clock menu more-arrow no yes

Filed under:

Researching #MetsTwitter

New, 18 comments

Scientific progress goes "hashtag!"

Twitter is fascinating. Like other popular dot-com gathering places with user-generated content, Twitter represents everything good, bad, and boring about modern mass media. Insofar as it fosters connections, gives "the people" a voice, and facilitates the dissemination of ideas and information, it is wonderful. On the other hand, the extreme brevity that Twitter imposes plays a major role in the degraded, cynical, and misleading "conversations" around various important world events, whereby hot-headed opinions are forged by snappy reductionist arguments captured in infographics, sound bites, and hashtags. Not so incidentally, Twitter also plays host to all manner of bullies, trolls, and harassers. And of course, the sheer volume of compulsive, attention-seeking behavior—"look at me, I'm doing my #laundry"—can render Twitter a colossally brainless waste of time.

Sports Twitter is particularly strange, which makes sense: Sports are strange. They inspire all manner of irrational behavior, from going shirtless and face-painted in public in sub-freezing temperatures to spending thousands of dollars on tickets to single playoff games when the rent is due. Sports bring out people's inner lunatic—and concordant spending habits—in a way that other industries only wish they could. Twitter, for its part, is practically tailor-made for the proliferation of this gleeful madness.

I am of the opinion that Mets Twitter, by nature, isn't particularly unique among its peers in the Baseball Twitter solar system of the Sports Twitter Galaxy, but that doesn't mean it isn't remarkable as a thing unto itself. Put another way (minus the triple negative), Mets Twitter is weird and wild stuff. I would not be surprised to learn that a doctoral student somewhere is plumbing its depths for sociological research of some sort. After all, the virtual space of Mets Twitter often plays host to a cornucopia of exasperating fascinating behavior: baseless, outrageous opinions, preposterous TRAID demands, and an abiding undercurrent of white-hot, all-caps-for-emphasis outrage. Curiously and sort of endearingly, it is also in a perpetual conversation with itself that occasionally borders on the delusional: One often encounters critiques of Mets Twitter for extolling such-and-such #hottake about the news of the moment—minus the apparent existence of said #hottakes.

Despite my tone of novelty, I am steadfast in my belief that human behavior makes sense. The word "crazy" is a staple of our vernacular, and is bandied about as a convenient catch-all adjective to describe behavior that seems unusual or extreme; and while the use of that word is understandable, its implicit dismissiveness encourages either the diversion of attention from, or LOLing at, the behavior in question—thus eliminating or drastically reducing the chances that the observer will attempt to arrive at an understanding of the behavior's origins and utility. Simply put, people do the things they do, however extreme, for a reason, even if that reason is hidden from their own awareness. It is helpful—and humanizing—to bear that in mind as one seeks to engage a given constituency. I suspect I will need to remind myself of it often as I seek to understand, explain, and reflect upon the products of Mets Twitter for future columns.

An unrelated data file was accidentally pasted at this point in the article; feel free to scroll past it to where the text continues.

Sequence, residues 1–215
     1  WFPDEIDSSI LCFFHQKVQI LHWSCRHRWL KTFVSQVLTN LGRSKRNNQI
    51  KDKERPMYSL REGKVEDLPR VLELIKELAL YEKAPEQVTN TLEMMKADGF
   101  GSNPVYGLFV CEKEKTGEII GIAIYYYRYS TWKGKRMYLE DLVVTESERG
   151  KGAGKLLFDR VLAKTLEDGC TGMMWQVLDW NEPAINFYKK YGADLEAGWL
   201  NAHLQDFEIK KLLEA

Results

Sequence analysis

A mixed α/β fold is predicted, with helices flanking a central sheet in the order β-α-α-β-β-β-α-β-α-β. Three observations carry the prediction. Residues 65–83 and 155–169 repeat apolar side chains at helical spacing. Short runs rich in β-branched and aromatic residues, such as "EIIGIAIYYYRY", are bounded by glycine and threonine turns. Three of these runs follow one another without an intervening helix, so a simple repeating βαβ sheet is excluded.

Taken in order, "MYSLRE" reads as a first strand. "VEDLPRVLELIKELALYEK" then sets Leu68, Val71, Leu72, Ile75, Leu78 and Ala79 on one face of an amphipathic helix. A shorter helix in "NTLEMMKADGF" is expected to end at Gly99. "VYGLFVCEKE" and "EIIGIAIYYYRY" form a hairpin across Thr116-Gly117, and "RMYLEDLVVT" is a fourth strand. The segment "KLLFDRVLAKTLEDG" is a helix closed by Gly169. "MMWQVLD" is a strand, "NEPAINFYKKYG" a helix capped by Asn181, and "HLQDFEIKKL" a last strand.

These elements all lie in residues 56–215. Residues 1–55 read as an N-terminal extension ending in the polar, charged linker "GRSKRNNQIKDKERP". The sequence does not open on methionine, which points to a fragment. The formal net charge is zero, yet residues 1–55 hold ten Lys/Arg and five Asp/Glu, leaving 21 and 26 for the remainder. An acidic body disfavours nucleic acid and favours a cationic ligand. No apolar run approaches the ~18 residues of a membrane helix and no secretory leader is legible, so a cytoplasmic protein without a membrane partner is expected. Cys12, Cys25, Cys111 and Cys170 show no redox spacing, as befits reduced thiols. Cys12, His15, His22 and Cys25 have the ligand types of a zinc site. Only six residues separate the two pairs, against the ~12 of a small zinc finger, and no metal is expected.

My methodology for "taking the pulse" of Mets Twitter will be simple. Periodically, I will conduct Twitter searches for Mets-themed content and attempt to ascertain the emergent themes, which, I assume, will tend toward being topical and utterly exasperating in nature, particularly when actual things happen—such as Daniel Murphy declining the Mets' qualifying offer or Wuilmer Becerra being left off the 40-man roster.

Indeed, the Daniel Murphy saga as seen through the eyes of Mets Twitter—from the #ImWith28 campaign to the drivel-media-driven "controversy" surrounding his brief paternity leave to his statement of opinion on LGBTQ "lifestyles" to his Bondsian performance against the Dodgers and Cubs to his defensive crapulence in the World Series—is what inspired me to embark on this dubious exploration. Really, though, it doesn't matter which player it is or what news has occurred: #MetsTwitter will have something to say about it. It should be interesting to compare the #hottakes therein with the more reasonable and reasoned analysis one often finds around these parts and elsewhere. I hope to learn something about it and us as time progresses. May (insert deity here) have #mercy on my #soul.